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Relationships between Abundances and Life Histories of British Birds
Tim M. Blackburn, John H. Lawton and Richard D. Gregory
Journal of Animal Ecology
Vol. 65, No. 1 (Jan., 1996), pp. 52-62
Published by: British Ecological Society
Stable URL: http://www.jstor.org/stable/5699
Page Count: 11
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1. Attempts to explain the abundances of species in assemblages using the biology of the species concerned have primarily concentrated on species body size. Body size is considered to be an important determinant of abundance, because it is related to resource requirements via metabolism. 2. There are a number of problems with this approach, including the rather poor correlation of body size with abundance in many animal assemblages, and the failure to test whether species metabolism is actually a better predictor of abundance than is body size. In fact, there are many correlates of body size which could potentially be determining species abundance, but their effects have never been tested. 3. Here, we use correlation and phylogenetic methods to test what aspects of the life histories of British birds, if any, are related to their abundances. Specifically, we are interested in looking for better correlates of abundance than species body size; we test specific hypotheses linking species metabolic rates, birth and death rates, and life-history correlates of birth and death rates, with population abundance. 4. Most life-history traits examined correlate with abundance across species, and in many cases the correlations are stronger than that of bird body size with abundance. Traits associated with fast offspring production explain the most variation in bird abundances, independently of body size, whereas the relationship between body size and abundance is generally not significant once other traits are controlled for. Within avian taxa, no variables are consistently correlated with abundance. 5. We find little evidence of a role for death rate as a possible determinant of bird abundance, although birth rate may be important, acting through the speed, rather than the quantity, of offspring production. We find no evidence that metabolic rate is an important determinant of the abundances of British birds. 6. We tentatively suggest a hypothesis for why fast offspring development is related to the abundances of British birds.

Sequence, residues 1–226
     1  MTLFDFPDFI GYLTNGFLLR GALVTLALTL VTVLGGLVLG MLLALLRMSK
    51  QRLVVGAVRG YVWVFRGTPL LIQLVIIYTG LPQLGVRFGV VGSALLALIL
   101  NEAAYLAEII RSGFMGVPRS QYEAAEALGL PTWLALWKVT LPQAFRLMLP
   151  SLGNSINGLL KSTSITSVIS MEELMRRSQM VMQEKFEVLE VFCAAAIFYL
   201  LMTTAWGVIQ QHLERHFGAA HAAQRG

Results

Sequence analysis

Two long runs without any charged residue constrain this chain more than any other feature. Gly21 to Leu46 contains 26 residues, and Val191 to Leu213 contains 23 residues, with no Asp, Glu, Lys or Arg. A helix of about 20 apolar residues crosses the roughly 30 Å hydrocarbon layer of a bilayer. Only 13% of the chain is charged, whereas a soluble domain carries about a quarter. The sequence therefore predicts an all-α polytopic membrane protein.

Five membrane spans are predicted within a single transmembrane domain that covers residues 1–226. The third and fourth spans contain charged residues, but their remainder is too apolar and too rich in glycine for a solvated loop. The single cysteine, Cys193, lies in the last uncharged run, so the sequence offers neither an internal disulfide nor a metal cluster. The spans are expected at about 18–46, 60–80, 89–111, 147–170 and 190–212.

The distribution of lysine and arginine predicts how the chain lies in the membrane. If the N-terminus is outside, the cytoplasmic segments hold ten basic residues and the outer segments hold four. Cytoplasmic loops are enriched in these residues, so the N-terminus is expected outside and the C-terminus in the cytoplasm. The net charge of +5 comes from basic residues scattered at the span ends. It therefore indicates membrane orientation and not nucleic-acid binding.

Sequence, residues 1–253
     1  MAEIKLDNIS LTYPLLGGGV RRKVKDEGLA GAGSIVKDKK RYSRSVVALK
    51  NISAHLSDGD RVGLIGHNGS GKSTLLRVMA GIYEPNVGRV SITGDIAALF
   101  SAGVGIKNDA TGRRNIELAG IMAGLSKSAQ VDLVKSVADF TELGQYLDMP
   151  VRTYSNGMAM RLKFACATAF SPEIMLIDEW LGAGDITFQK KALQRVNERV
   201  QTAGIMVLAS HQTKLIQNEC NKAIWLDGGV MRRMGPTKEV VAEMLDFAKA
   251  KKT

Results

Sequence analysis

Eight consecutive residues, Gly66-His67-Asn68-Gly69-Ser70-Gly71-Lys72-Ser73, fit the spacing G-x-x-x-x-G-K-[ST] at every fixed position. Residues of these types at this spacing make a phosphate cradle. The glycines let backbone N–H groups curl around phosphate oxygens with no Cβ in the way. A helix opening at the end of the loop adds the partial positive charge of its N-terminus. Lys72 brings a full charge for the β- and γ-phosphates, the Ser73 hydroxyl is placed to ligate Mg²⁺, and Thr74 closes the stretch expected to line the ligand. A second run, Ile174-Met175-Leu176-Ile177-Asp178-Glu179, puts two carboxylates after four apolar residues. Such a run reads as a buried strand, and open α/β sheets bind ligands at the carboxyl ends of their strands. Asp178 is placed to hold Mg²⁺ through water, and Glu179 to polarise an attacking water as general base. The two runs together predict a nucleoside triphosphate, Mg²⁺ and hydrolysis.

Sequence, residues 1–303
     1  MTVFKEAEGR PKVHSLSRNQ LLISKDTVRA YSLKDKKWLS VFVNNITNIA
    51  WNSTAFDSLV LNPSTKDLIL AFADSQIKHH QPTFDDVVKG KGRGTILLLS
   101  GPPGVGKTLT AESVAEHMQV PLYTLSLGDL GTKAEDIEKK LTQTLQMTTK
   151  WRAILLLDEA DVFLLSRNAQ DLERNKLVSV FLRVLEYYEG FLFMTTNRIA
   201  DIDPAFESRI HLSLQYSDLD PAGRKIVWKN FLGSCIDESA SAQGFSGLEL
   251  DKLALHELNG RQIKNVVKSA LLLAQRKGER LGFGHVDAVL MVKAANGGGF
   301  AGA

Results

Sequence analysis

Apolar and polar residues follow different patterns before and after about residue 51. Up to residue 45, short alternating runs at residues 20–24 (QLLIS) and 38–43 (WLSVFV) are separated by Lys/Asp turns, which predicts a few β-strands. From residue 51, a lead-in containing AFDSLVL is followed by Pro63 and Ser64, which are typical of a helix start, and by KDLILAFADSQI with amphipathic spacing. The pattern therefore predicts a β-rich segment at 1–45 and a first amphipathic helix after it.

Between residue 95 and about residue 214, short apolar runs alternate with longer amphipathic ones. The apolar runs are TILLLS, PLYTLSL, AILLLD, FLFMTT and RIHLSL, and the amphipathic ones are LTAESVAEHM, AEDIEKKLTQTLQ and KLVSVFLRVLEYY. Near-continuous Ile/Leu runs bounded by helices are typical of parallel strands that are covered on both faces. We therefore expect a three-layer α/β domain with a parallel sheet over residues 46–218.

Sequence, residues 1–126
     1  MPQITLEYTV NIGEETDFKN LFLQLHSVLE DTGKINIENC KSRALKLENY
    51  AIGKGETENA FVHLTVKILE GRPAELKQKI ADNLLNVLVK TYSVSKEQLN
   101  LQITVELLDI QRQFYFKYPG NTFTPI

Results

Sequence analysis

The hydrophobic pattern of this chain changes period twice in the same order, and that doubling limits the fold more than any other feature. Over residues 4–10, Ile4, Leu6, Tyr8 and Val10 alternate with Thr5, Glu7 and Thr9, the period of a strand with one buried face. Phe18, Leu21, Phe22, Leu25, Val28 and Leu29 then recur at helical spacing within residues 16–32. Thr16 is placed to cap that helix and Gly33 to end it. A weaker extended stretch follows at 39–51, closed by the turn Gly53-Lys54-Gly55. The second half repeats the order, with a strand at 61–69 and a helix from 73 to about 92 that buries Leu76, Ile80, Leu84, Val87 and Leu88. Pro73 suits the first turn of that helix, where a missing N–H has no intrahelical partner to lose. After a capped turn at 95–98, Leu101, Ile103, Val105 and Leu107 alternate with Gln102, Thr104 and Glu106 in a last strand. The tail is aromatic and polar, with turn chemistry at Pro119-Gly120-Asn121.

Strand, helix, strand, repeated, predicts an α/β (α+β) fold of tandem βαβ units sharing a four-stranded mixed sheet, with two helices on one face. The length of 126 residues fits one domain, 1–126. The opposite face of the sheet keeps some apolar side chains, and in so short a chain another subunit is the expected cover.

Journal of Animal Ecology © 1996 British Ecological Society